Here are some details about her, according to the National Center for Missing & Exploited Children:

    * She was in her late teens to early 20s, about 5 foot 6, 125 pounds

    * She had reddish-brown hair parted down the middle, styled in two side braids

    * She appeared to be Caucasian, had a ruddy complexion with facial freckles

    * She had several scars: beneath her chin, one on her left arm, two on her left wrist, right hand, right ankle and right foot.

    * She had been treated by a dentist. Her top right central incisor had a porcelain-metal crown

    * She was dressed in bell bottom blue jeans, brown turtleneck sweater with an orange crisscross design on the front, and a handmade tan buckskin pull-over jacket with leather fringe around the seams with a deep purple lining.

    Additional testing will performed soon in an attempt to narrow the region or location of the country Jane Doe may have been from. For now, she’ll remain in Riverside Cemetery in Troy, under the name Jane Doe.

    If you recognize Jane Doe or have any information as to her identity, please contact sheriff’s Detective Steve Hickey, 937-440-3965 (ext. 6629) or the Miami County Communication Center at 937-440-9911.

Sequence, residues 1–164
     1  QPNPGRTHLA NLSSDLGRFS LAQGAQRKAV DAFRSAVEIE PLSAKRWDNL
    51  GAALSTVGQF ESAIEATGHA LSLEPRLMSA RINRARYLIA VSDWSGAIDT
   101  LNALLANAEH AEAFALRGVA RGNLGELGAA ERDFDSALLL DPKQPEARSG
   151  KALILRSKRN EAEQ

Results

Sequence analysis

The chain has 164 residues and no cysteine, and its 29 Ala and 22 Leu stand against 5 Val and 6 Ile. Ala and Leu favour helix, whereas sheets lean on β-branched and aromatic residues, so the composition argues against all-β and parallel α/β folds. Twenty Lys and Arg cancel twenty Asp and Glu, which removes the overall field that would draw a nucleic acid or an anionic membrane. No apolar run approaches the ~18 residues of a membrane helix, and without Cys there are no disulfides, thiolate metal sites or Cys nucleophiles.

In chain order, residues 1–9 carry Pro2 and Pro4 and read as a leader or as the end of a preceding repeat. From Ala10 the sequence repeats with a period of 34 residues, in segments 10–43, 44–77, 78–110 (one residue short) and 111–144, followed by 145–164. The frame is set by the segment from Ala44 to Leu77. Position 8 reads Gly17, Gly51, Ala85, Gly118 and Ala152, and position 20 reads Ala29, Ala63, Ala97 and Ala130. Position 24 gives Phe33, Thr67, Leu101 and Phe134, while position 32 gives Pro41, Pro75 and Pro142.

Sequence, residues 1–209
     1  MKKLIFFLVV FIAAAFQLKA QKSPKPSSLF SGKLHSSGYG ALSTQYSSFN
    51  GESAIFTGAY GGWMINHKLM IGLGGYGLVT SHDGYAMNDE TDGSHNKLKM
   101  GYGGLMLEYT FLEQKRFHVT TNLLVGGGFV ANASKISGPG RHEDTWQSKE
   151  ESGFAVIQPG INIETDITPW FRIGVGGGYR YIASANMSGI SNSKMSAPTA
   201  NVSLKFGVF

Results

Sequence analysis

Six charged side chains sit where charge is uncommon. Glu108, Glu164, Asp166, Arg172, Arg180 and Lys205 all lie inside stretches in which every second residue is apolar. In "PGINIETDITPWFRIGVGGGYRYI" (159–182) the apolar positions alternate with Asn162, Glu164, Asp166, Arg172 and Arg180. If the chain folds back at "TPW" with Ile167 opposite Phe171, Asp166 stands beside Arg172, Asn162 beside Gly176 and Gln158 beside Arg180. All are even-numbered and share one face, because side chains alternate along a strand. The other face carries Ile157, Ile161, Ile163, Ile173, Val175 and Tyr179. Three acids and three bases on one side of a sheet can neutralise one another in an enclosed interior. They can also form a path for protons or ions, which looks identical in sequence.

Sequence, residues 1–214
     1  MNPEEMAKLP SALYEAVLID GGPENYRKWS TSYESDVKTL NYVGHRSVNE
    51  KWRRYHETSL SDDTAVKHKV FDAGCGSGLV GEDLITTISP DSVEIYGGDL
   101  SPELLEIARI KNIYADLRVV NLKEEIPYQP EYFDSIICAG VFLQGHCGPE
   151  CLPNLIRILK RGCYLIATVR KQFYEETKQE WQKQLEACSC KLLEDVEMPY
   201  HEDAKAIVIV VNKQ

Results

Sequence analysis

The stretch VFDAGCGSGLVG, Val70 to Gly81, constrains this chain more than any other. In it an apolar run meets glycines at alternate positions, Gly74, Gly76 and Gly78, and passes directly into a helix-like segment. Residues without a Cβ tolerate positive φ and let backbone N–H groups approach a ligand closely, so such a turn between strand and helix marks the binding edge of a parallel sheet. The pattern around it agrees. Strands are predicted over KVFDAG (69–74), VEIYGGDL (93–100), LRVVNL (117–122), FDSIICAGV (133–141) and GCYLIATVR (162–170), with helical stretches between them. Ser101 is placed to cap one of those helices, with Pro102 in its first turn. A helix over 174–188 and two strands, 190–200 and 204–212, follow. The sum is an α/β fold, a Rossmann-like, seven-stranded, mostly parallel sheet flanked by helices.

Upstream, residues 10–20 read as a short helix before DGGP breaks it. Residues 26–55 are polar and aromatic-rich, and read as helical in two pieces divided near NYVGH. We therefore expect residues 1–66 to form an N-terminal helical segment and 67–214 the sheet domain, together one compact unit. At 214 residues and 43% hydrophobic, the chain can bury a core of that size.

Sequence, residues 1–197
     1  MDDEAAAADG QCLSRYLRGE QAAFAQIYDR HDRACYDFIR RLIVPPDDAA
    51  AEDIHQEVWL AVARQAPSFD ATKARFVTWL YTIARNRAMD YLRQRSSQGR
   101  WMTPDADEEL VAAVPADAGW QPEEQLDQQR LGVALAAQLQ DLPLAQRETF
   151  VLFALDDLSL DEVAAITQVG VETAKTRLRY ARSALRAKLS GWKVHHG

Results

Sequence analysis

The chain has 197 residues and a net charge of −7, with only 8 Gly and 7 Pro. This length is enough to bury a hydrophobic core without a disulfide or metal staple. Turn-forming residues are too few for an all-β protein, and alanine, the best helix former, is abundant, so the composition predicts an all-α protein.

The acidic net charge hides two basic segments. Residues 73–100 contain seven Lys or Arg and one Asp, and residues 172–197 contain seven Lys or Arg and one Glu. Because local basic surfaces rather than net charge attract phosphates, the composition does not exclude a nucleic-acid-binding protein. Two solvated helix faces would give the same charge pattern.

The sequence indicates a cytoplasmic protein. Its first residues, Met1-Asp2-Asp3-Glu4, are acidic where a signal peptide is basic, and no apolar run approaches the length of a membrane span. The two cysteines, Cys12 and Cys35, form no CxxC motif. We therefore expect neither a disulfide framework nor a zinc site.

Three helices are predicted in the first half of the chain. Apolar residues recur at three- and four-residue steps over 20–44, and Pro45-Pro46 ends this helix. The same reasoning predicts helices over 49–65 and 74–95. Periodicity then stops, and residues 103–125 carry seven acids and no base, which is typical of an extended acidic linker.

9. #9

    Default Re: Buckskin Girl, Located April 24, 1981, Ohio

    Slain Jane Doe's curious case in Ohio still puzzles after 35 years

    'Jane Doe' was found in a ditch in Miami County, Ohio, on April 24, 1981. Authorities have been unable to identify her, but new technology that tested pollen on her clothes recently determined that she was likely from a northeastern state, perhaps Pennsylvania. She is depicted here in a computer regeneration.
    Anyone with information on Jane Doe's identity is asked to call

    She is buried in a section of the cemetery known as the potter's field.

    Her tombstone reads, “Jane Doe.”

    When they put her to rest, detectives whom she never met served as pallbearers. People from town who knew only of her fate came to leave flowers.

    Thirty-five years later, they still do.

    “I call her Dorothy, because she looks like Dorothy from ‘The Wizard of Oz,' ” a cemetery groundskeeper recently told a detective visiting the grave. “I just want to send her home. Put on her ruby shoes and send her back where she belongs.”

    If only they knew where that was.